Your KPI-Tracking Guide
For years, Barrett Stamps fell for the same spiel.
“Whether it was from insurance company A or insurance company X, they would explain that my severity was higher than the market average; that our repair versus replace numbers were lagging in the market; or that our cycle time needed improvement,” he recalls. “Many times I would blindly agree that we needed improvement without having my KPIs or numbers in front of me and, in return, essentially admitted that our numbers weren’t great.”
As a 25-year-old newbie who had just taken over as manager of Auburn Collision 1—one of his father’s two locations in Auburn, Wash.—Stamps had very little knowledge of how to track and maintain KPIs.
But after joining a 20 Group and studying those numbers for a year and a half, there was a different story to tell.
“Really knowing the numbers is critical to remaining competitive, relevant, aware— whatever the opposite term for ‘complacency’ is,” says Stamps, who today is part of a two-location operation that posts nearly $6 million in annual revenue. “Even in today’s market, it isn’t enough to allow insurance companies to tell you what your numbers are. Many times they aren’t reliable, don’t make sense, and are designed to scare shops into reducing repair costs.”
There are so many different statistics that gauge the performance of your shop. From numbers that track production and throughput, to a score that showcases customer satisfaction, to the bottom-line percentages that display your shop’s profitability, there’s no silver bullet that provides a concrete direction for optimal performance. That’s why, as Stamps points out, you must take control of the narrative; you need a personalized, centralized system that outlines your overall KPI performance, that tells a story you’ve written.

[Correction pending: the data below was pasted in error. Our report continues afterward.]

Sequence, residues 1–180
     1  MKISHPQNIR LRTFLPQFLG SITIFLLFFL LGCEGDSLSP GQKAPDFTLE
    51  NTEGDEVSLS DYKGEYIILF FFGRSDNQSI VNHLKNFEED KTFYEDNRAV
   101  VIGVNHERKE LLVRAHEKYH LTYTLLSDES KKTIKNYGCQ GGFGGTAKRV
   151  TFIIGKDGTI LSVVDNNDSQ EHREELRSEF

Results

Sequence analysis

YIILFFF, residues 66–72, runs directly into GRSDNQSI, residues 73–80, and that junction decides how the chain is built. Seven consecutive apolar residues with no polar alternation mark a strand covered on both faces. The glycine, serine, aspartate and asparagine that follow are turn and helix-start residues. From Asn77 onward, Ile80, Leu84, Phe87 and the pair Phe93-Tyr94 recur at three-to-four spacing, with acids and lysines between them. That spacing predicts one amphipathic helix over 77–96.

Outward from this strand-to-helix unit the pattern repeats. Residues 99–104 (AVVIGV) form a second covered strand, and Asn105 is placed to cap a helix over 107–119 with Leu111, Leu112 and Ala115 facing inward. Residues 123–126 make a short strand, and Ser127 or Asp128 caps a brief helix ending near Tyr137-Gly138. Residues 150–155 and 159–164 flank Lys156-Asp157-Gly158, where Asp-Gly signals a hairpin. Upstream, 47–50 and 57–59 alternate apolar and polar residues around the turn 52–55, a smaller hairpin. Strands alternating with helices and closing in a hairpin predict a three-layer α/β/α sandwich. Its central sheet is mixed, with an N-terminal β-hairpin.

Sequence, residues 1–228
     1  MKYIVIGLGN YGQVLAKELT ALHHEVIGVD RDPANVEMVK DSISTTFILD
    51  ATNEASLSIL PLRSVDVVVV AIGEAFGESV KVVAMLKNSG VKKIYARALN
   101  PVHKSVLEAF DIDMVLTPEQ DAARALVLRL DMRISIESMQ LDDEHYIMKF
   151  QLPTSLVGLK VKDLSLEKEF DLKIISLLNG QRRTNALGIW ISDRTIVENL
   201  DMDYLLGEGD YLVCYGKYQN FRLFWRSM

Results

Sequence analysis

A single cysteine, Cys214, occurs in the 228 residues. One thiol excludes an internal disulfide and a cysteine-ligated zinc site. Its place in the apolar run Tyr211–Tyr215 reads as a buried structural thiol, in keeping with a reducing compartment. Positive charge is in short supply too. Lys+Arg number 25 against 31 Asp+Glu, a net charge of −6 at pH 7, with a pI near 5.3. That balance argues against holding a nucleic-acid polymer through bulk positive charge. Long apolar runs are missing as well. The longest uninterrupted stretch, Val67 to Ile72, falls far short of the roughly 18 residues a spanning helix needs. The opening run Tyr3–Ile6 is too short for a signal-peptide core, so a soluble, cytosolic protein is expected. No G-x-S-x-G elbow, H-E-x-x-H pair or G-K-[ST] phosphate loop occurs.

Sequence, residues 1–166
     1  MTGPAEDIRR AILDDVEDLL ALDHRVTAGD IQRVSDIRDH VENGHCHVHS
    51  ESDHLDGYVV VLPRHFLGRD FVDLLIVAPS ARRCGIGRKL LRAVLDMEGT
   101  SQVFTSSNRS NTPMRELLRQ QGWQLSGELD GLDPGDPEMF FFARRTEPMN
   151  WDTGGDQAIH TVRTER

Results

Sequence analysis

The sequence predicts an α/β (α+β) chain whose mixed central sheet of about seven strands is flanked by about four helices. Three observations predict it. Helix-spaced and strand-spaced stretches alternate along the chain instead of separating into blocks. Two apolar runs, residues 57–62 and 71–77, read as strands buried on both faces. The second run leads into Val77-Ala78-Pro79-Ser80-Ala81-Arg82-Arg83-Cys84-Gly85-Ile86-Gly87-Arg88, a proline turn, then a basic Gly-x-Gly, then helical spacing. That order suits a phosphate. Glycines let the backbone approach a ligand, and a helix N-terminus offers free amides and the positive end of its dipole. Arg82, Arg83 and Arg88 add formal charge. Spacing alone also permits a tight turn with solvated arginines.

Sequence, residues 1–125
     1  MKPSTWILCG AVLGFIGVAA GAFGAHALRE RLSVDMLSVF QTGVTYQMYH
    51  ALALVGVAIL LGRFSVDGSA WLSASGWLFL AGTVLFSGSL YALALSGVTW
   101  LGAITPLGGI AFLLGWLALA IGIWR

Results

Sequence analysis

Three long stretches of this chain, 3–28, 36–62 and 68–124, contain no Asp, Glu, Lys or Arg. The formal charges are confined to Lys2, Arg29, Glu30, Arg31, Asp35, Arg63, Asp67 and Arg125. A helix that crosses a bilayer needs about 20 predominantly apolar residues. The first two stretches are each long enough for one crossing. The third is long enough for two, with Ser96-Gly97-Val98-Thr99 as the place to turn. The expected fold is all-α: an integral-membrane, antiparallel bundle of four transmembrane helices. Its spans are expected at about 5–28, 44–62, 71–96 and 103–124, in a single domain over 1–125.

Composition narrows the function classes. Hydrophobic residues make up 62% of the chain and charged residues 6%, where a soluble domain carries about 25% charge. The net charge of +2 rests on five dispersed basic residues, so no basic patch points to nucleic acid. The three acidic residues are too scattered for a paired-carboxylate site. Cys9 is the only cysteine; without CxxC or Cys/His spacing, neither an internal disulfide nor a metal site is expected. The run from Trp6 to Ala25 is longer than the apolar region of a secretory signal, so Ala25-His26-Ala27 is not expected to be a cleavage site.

That KPI mentality was reflected over and over in the 2018 FenderBender Industry Survey, a 96-question survey, conducted over the course of a month. Of the 310 shop operators that completed the survey, 68 percent of them claim to routinely track KPIs. And when asked what impact KPI measurement has on their businesses, the responses overwhelmingly told the same story:
Every aspect of business is predicated on KPIs.
If you don't measure KPIs, you can’t improve yourself.
If you are measuring accurately, you can tell if you are improving or not, and you can benchmark yourself with the industry and your area.
So FenderBender sought out these passionate respondents to find out which KPIs are essential to their success and how they get buy-in from their team. What follows is a four-part system for monitoring KPIs and a statistical breakdown of what numbers drive the most profitable shops from the 2018 FenderBender Industry Survey.
1. Determine the KPIs Essential to Profitability
Cycle time, touch time, NPS, average repair order—they’re all important numbers, of course. But they’re not the most important number, Tim Beal says.
The most important number is the one that shows your shop is making money.
“What does it take to break even each month? Because until you’re past that, nothing else matters,” says the owner of Beal’s Auto Body & Paint. “That’s what most shop owners don’t understand.”